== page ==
1950: Just Call Him King

2 comments on “1950: Just Call Him King
  1. Margaret says:

    This is a very interesting article if it is indeed as I presume written by Loretta young.
    Loretta is full of praise for Clark and seems to have nothing but admiration for him.
    This doesn’t sound like a woman who was date raped.
    Although I never believed them statements made by Loretta’s daughter in law it is even more clear now that the story of the date rape isn’t true.
    Sometimes I think gable might have doubted the paternity of Judy, maybe Clark wasn’t sure he was the father. Wasn’t Loretta pining after spencer tracey before she went on the set of call of the wild. Maybe gable justified walking out on Judy to himself by doubting his paternity. This along with the fact that both his and Loretta’s careers would have been finished by the truth coming out. I think Loretta pushed him out and only wanted financial assistance. Either way we will never know but I do think Judy looks more like Clark than john Clark who is his mother’s Double.

  2. Heather Miller says:

    The article allegedly written by Loretta Young sounds like she kept her assessment of Gable strictly professional. Her comments dealt mostly with his acting ability and what she admired about the way he approached his craft and his strong sense of work ethic.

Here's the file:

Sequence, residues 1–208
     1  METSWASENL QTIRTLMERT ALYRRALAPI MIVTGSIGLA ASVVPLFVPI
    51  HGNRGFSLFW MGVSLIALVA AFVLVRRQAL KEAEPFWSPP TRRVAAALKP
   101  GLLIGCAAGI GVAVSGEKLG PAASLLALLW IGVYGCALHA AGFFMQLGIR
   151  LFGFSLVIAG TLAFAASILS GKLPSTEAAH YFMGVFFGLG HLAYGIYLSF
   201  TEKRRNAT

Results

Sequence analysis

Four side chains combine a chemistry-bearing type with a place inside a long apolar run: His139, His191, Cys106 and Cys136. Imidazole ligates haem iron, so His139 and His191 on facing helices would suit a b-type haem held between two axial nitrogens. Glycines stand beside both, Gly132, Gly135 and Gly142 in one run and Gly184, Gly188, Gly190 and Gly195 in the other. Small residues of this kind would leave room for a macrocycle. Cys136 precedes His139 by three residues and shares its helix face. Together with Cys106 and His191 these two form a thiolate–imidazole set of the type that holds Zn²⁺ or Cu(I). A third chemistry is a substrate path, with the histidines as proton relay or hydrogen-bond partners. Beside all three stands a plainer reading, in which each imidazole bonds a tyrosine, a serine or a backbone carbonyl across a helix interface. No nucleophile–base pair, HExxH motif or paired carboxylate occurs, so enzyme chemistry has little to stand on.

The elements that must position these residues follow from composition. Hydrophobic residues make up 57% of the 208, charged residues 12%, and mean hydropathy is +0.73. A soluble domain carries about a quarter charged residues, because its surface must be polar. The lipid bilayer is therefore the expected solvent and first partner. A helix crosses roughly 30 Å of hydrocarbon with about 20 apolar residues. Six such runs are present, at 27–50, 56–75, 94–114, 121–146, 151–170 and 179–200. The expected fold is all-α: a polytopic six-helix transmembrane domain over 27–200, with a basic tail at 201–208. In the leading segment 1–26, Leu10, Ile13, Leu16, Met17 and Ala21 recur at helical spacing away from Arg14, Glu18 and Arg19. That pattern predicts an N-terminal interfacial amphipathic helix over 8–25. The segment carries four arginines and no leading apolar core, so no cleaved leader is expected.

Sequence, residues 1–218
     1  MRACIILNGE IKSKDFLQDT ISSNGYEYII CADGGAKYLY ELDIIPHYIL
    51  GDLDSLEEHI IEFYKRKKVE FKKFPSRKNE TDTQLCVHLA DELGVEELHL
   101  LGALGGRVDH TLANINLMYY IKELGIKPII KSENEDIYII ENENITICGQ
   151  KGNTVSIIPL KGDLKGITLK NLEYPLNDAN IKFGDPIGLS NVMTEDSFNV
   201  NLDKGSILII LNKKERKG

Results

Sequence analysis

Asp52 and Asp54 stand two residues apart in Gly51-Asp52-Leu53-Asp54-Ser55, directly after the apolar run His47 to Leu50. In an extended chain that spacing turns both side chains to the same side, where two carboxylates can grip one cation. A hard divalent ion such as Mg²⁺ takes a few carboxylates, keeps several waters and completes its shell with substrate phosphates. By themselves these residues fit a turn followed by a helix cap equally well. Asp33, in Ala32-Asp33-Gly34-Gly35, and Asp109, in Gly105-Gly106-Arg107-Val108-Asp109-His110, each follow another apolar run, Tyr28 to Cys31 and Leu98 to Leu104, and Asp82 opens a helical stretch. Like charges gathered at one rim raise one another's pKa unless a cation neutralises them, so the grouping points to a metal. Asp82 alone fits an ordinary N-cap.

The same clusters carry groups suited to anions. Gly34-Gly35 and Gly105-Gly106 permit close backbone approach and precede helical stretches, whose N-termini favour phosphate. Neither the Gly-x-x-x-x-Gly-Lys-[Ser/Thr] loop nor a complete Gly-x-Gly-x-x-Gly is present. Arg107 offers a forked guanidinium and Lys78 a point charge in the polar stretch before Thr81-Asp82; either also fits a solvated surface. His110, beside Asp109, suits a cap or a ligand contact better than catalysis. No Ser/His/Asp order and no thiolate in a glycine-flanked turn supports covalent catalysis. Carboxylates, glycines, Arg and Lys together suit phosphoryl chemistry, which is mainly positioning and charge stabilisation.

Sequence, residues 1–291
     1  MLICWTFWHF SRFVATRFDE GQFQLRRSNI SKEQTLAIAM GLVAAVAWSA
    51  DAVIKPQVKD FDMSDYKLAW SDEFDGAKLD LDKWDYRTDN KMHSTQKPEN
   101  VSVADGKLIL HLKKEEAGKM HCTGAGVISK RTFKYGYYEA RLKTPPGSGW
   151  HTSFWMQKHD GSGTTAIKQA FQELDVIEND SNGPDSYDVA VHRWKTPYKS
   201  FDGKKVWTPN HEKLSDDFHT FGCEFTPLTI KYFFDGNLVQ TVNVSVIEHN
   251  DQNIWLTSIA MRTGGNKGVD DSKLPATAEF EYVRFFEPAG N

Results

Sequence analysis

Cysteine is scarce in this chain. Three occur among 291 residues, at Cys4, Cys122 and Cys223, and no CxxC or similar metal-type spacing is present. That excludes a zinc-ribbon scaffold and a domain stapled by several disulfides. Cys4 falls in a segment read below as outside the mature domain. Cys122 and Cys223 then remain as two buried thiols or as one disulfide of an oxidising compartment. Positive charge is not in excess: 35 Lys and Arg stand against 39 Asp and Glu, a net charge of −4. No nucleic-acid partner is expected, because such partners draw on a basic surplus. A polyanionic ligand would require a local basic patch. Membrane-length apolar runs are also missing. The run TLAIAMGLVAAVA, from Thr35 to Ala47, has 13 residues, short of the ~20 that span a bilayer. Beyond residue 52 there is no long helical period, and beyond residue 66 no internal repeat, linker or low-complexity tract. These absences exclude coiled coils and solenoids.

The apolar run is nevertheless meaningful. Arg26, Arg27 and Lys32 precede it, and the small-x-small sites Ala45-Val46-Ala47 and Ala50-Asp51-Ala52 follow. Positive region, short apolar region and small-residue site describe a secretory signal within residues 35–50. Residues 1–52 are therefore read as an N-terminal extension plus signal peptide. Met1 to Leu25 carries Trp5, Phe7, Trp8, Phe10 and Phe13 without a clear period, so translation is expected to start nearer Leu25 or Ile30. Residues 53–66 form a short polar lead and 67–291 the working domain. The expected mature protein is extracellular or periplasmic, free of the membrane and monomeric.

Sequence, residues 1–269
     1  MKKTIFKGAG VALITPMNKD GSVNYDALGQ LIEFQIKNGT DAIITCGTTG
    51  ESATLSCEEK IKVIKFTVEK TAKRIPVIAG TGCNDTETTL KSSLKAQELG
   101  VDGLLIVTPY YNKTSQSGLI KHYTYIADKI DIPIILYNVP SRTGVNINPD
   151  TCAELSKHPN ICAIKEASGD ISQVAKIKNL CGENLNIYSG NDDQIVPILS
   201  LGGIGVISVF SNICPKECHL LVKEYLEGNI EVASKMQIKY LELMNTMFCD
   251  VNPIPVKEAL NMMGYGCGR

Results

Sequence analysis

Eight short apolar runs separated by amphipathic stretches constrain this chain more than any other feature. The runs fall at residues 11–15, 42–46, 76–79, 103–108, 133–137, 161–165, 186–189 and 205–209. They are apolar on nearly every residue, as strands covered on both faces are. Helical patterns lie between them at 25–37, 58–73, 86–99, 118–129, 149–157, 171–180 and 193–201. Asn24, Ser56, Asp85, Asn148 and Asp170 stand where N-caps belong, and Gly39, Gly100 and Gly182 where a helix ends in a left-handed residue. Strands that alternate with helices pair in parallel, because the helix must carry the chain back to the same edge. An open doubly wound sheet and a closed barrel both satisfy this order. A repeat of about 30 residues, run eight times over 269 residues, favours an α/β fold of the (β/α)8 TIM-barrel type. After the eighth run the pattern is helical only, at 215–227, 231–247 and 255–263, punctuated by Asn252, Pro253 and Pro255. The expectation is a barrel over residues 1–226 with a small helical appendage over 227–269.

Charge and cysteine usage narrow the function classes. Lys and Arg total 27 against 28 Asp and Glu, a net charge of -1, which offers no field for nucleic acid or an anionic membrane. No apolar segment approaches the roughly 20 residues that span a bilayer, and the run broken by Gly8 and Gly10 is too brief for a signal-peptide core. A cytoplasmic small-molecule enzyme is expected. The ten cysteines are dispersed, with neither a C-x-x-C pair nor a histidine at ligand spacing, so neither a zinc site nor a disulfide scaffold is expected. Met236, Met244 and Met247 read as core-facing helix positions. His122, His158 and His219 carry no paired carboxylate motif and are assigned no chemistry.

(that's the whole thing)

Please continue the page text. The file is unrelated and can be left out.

Not sure how the previous commenter concluded that it “doesn’t sound like a woman who was date raped.”

    What was Young supposed to say? Would it have been more appropriate of her to have included a scathing assessment of her co-star and father of her child?
    Was she supposed to do a tell-all, Jerry Springer Show style piece stating what really happened on the train ride from Mount Baker, Washington, and request a paternity test?

    Perhaps she was trying to protect her daughter Judy?

    Young was a star in her own right with a hefty movie star salary to more than support Judy, so it’s a little far fetched to say she only wanted financial assistance.

    Oh, and kudos to Linda Lewis, Loretta’s daughter-in-law, for having the courage to go public with a crucial bit of information that changes the story quite a bit. That’s not an easy thing to do. For several years Loretta carried the burden, believing she was 100% to blame. It appears she wasn’t at fault. “Date rape” wasn’t even a term in the 1930s, so she truly had no words to describe what had happened until many years later.

    It’s truly unfortunate Loretta Young felt, because of the time she lived in, that she had to keep hidden a very real, very personal struggle and go through it alone.

    I think it’s touching that her daughter-in-law honored her mother-in-law in the best way possible. By going public with Young’s experience, Lewis added the voice/perspective (Loretta’s) that was missing for so long from the story of her life, and now there’s a greater sense of empowerment in Young’s account than ever before.

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